In an off-script story that was so "uncomfortable" that it ended up getting edited out of the initial broadcast of the awards show, Russell Crowe described the difficulties of performing in a wild sex scene from one of his early movies in which he was depicted as "sodomizing" his co-star.

While the official broadcast of Crowe's speech at the 7th annual Australian Academy of Cinema and Television Arts Awards on Wednesday night ended up cutting out Crowe's partly humorous, partly cringe-worthy story, that didn't prevent it from making headlines.

Crowe told the story as an illustration of how important "sensitivity" is in the film industry, particularly for actors. Back in 1992 in a scene for one of his first feature films, "Romper Stomper," Crowe described just how complicated things got when he was being filmed "sodomizing Jacqui McKenzie."

"I didn't actually intend to do that — I was trying to keep my bits away from her bits, and she's been given one of those pieces of elastic that the girls get when you do those scenes, which protects them from all things, and my bits and pieces were in a little canvas sack with a drawstring," said Crowe, amid hesitant laughter.

"And it wasn’t (sic) actually my desire to keep the bits apart," he continued. "It wasn’t until the opening night of the film that it was pointed out by none other than Jacqui McKenzie’s beautiful late mother that we were in fact, in her mind, engaged in sodomy."

Realizing he needed to move on, and fast, Crowe said, "Anyway, that was just a story about sensitivity!"

As Yahoo Movies UK notes, McKenzie later posted her own account of the "uncomfortable" scene in a Facebook post, but stressed that the experience "bares no relevance" to the "very important conversation of sexual harassment in the workplace."

"Russell was reflecting on the indignities of shooting a particular scene, in the R-rated indie film Romper Stomper," she wrote. "Over the eons, he and I have often laughed at the awkwardness we felt shooting that scene. How we were trying to be as protective of our modesties as we could, as 'sensitive' to each other's feelings as we could BUT when the director called 'action', the scripted action was violent and explicit. We were both new to the industry at the time- it was my first film- and, yes, it was uncomfortable. For everyone. Scenes like that always are. Also for family and friends when they later watch the work on the big screen."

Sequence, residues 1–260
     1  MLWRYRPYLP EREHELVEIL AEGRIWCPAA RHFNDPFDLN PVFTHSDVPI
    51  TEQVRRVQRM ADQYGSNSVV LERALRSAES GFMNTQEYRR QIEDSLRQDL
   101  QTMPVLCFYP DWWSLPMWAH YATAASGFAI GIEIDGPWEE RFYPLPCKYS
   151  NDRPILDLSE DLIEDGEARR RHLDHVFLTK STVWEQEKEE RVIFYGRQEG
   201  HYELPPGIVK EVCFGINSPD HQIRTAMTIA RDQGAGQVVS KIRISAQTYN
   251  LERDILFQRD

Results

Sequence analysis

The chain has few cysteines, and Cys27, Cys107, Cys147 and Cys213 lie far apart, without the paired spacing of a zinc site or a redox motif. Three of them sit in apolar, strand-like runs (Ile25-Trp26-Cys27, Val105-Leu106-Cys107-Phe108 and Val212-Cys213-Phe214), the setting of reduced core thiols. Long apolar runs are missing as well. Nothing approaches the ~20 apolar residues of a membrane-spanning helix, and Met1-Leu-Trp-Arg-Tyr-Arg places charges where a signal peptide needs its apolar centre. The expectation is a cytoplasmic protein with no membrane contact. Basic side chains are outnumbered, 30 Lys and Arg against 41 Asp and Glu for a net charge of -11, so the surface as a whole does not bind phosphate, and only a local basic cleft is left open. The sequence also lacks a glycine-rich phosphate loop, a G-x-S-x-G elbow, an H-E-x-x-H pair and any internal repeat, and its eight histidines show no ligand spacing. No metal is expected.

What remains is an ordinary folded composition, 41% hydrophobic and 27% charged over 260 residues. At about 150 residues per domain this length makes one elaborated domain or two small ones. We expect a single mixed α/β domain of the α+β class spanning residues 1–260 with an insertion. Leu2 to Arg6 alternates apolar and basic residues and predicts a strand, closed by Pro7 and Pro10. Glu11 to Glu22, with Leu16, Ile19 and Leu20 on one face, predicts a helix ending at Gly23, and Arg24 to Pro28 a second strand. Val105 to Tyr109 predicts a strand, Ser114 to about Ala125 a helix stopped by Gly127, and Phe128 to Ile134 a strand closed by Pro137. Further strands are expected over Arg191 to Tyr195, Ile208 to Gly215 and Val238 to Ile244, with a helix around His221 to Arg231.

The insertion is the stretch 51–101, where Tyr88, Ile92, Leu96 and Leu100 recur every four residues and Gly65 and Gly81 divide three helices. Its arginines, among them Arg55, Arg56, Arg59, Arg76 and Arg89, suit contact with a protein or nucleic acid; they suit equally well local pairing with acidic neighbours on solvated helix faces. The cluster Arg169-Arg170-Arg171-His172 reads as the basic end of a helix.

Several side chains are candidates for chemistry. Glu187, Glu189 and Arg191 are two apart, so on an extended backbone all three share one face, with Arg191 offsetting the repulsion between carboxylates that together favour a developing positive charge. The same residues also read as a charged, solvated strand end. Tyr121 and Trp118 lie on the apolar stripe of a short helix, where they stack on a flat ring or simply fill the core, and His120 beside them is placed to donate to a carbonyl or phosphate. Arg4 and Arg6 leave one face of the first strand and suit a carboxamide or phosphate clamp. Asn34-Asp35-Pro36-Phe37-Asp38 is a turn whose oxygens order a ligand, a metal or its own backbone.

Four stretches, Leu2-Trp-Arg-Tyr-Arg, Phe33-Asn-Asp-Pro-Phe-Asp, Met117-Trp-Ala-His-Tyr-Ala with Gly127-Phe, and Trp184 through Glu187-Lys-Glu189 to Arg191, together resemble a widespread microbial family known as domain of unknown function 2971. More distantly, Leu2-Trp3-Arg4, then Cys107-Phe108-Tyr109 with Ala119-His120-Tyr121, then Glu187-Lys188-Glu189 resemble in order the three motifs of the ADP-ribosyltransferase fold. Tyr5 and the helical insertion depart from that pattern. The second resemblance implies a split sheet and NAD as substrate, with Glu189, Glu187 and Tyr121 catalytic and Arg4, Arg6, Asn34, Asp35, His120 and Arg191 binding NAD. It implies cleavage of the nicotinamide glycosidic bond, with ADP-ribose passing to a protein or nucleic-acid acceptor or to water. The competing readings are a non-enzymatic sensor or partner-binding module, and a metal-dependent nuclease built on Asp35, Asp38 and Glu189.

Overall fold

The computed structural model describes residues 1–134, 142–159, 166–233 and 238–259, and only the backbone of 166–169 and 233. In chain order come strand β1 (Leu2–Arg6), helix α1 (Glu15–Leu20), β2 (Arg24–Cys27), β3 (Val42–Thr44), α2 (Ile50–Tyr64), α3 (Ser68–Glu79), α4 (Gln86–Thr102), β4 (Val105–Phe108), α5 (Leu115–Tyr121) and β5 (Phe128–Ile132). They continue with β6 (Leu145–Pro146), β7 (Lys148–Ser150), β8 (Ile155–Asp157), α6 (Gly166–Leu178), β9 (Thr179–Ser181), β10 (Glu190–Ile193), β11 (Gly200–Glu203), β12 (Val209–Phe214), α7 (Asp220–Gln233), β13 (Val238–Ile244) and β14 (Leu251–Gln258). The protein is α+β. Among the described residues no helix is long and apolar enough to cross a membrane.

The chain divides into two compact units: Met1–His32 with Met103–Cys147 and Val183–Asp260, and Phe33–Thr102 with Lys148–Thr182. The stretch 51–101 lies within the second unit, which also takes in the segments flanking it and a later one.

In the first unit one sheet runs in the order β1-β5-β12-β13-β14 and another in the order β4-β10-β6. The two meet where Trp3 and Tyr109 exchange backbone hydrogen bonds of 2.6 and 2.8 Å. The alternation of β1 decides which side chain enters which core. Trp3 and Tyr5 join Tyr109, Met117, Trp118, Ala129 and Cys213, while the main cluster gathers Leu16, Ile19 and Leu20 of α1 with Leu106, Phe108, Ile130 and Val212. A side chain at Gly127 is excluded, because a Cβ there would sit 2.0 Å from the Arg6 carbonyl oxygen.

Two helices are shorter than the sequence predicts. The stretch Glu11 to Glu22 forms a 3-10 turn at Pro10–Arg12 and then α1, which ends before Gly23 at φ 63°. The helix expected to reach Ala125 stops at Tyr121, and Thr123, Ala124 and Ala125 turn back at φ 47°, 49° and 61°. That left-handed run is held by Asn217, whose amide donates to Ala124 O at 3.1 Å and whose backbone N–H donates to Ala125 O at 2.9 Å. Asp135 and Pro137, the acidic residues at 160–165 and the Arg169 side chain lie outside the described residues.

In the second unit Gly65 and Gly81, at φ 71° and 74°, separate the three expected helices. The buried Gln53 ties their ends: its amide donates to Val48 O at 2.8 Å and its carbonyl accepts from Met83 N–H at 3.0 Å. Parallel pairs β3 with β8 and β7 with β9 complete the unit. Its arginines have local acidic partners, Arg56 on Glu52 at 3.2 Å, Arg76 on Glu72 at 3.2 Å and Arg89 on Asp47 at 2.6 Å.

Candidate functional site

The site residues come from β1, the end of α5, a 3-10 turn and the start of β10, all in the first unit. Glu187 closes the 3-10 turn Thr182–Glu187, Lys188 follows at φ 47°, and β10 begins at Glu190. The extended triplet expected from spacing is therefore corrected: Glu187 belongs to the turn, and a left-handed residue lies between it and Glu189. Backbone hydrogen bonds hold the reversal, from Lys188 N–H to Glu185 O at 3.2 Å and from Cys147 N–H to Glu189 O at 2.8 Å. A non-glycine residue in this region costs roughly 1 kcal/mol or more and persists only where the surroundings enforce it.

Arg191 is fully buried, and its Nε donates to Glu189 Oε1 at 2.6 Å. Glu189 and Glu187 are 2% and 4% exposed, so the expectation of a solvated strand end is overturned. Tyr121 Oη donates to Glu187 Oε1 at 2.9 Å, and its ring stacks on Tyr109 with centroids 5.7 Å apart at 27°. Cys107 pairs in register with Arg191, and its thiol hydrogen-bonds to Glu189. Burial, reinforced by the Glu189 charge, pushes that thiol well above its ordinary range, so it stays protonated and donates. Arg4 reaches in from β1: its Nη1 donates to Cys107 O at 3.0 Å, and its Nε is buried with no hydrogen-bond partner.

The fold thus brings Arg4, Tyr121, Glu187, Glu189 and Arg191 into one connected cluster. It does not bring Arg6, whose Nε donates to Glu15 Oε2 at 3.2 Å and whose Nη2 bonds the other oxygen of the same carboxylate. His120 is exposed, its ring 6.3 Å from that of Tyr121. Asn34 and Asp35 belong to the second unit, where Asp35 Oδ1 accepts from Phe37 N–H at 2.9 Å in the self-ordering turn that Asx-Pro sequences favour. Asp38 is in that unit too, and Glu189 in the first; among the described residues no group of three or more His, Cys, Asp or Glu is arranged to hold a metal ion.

Below is the full text of McKenzie's post:

Re: AACTAs last night and Russell’s brevity;

There were no blurry lines on that awkward day’s filming back in 1991!!!

I wanted to post something earlier on the matter but I have been attending my first ever mammogram at Breast Screen Australia: ladies get yourselves checked! It’s a free service and they are amazing!

For anyone interested:

Russell was reflecting on the indignities of shooting a particular scene, in the R-rated indie film Romper Stomper. Over the eons, he and I have often laughed at the awkwardness we felt shooting that scene. How we were trying to be as protective of our modesties as we could, as ‘sensitive’ to each other’s feelings as we could BUT when the director called ‘action’, the scripted action was violent and explicit. We were both new to the industry at the time- it was my first film- and, yes, it was uncomfortable. For everyone. Scenes like that always are. Also for family and friends when they later watch the work on the big screen.

The very important conversation of sexual harassment in the workplace bares no relevance to this. There were no blurry lines on that awkward day back in 1991. As there should never be. Geoffrey Wright, the wardrobe department and the crew dealt ‘sensitively’ with the both of us as we all navigated a confronting scene in an extraordinary breakout film that won awards all over the world.

The irony -what we actors are asked to do in scenes and how we actually film them- is what we laugh at. Then and now.